Friday, March 30, 2012

Eating the Elephant

Q: How do you eat an elephant?
A: The same way you eat anything, one bite at a time.

I'm 200+ pages into Good Calories, Bad Calories. It's 600+ pages with enough footnotes to give a NASA scientiest a hardon. It's drier than a box of saltine crackers, but very informative, albeit with a lot of science jargon. As someone without a background in science, it's hard to digest but not impossible. I don't have a background in finance either, but I managed to do really well in those classes in law school and can hold my own in conversations with PhD quants and economists. You can learn anything if you really want to. But you have to want it, it's not for dabblers.

Some of the things in the book are so contrary to the conventional wisdom that it's hard to believe, despite the science to back it up. (If you're worried about triglycerides, throw out that glass of orange juice and eat a steak instead) I had intended to read 20 books this year on my new e-reader, and so far this book is number two. I'm falling behind schedule, but I'll keep plugging away at this because I need to fully understand the science so that I can plausibly order a plate of ribs and claim that it's health food.

In case you think I'm exaggerating about the complexity of the science or the mind-blowing conclusions about nutrition, have a look for yourself:

Consider a porterhouse steak with a quarter-inch layer of fat. After broiling, this steak will reduce to almost equal parts fat and protein. Fifty-one percent of the fat is monounsaturated, of which 90 percent is oleic acid. Saturated fat constitutes 45 percent of the total fat, but a third of that is stearic acid, which will increase HDL cholesterol while having no effect on LDL. (Stearic acid is metabolized in the body to oleic acid, according to Grundy’s research.) The remaining 4 percent of the fat is polyunsaturated, which lowers LDL cholesterol but has no meaningful effect on HDL. In sum, perhaps as much as 70 percent of the fat content of a porterhouse steak will improve the relative levels of LDL and HDL cholesterol, compared with what they would be if carbohydrates such as bread, potatoes, or pasta were consumed. The remaining 30 percent will raise LDL cholesterol but will also raise HDL cholesterol and will have an insignificant effect, if any, on the ratio of total cholesterol to HDL. All of this suggests that eating a porterhouse steak in lieu of bread or potatoes would actually reduce heart disease risk, although virtually no nutritional authority will say so publicly. The same is true for lard and bacon." (emphasis mine)

Gary Taubes, "Good Calories Bad Calories"

It's like being told you are in the Matrix and nothing you've been led to believe is real. If it wasn't so serious, it would be farce:

Tuesday, February 07, 2012

Elvis is everywhere!

I randomly remembered this song that has such awesome lines "who built the pyramids? Elvis!" The girlfriend thought I made it up, but after a few minutes I found it and started singing it. Elvis is everywhere, baby, enjoy it!!!

Thursday, February 02, 2012

I'm an uncle!

I got the news last night that my sister in law gave birth to a baby boy. I wonder why people always specify that it was a "baby" boy. Is that really a necessary adjective? Are there a lot of people who give birth to full grown boys, such that you'd have to specify to avoid confusion?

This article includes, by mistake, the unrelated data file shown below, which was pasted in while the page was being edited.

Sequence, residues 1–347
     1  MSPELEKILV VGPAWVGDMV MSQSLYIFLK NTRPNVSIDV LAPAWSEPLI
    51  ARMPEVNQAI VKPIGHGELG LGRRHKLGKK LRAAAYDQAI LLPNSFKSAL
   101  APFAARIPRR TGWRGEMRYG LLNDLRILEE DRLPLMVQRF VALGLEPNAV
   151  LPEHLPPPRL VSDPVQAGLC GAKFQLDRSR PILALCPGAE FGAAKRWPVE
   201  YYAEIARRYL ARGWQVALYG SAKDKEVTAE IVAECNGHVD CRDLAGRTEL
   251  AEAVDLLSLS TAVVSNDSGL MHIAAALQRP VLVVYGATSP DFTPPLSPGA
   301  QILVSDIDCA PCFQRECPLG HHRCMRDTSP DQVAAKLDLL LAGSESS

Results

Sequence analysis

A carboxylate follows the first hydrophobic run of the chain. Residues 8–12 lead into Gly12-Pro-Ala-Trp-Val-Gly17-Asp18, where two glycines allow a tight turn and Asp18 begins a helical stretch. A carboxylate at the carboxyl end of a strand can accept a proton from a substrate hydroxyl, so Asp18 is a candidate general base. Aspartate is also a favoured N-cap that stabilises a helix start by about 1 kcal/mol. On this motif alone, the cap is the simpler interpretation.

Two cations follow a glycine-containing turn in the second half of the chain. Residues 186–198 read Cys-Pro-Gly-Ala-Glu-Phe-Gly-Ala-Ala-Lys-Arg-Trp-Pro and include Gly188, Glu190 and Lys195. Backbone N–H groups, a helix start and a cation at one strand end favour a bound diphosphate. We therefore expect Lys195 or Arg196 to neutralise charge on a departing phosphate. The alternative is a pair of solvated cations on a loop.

"Really? you had a boy? a baby one or full grown? a
teenager? that must've been painful!"

I don't know if it was a "bouncing" baby boy because no one dropped him, but he appears to normal in all other aspects. In fact, better than normal...exceptional! Very handsome. He looks strong too (a future jiu jitsu fighter? one can only hope).

Saturday, January 14, 2012

Happy Birthday Elvis: the other kind of Fight Club

Happy belated birthday to the third greatest American to ever walk the earth, Elvis Presley. In case you are wondering who the first and second greatest Americans are, they are Thomas Jefferson and Jack Lalanne, in that order. You might think this is open to debate, but it's not. Arguing about this is like arguing about the existence of gravity; it will just make you look foolish.

Here's something you didn't know about me. Some people don't work Christmas, some don't work on Thanksgiving or Easter. But me...I don't work on January 8th. Cuz' that's Elvis' birthday! Some people think I kid about how awesome Elvis is, and that I heap fake praise on him like it's some kind of performance art. But Elvis was awesome because he genuinely didn't a sh1t. The world was segregated but he played black music. He wore ridiculous outfits and ate peanut butter, banana and bacon sandwiches whenever he wanted. He had a pet monkey and if he didn't like what was on TV he would shoot it. He was a black belt in Karate back when that actually meant something. Fcuk Charlie Sheen, Elvis is the real one with Tiger Blood in his veins. In other words, Elvis was the original Honey Badger!

So I don't know what you did last weekend, but I celebrated by going to the Elvis Birthday Fight Club. As part of the show they had an Elvis Trivia contest and they asked for volunteers. I was chosen. And if you think I'm good at fixing houses, derivatives law, or jiu jitsu, that's nothing compared to how awesome I am at Elvis Trivia.

I had a worthy opponent, but I won. In fact, I smoked him! Trying to beat me at Elvis trivia is like trying to beat Rosie O'Donnell at a doughnut eating contest: not gonna happen!

Anyway, I had a great time and look forward to doing it again next year to defend my title. So who are your top 3 americans of all time?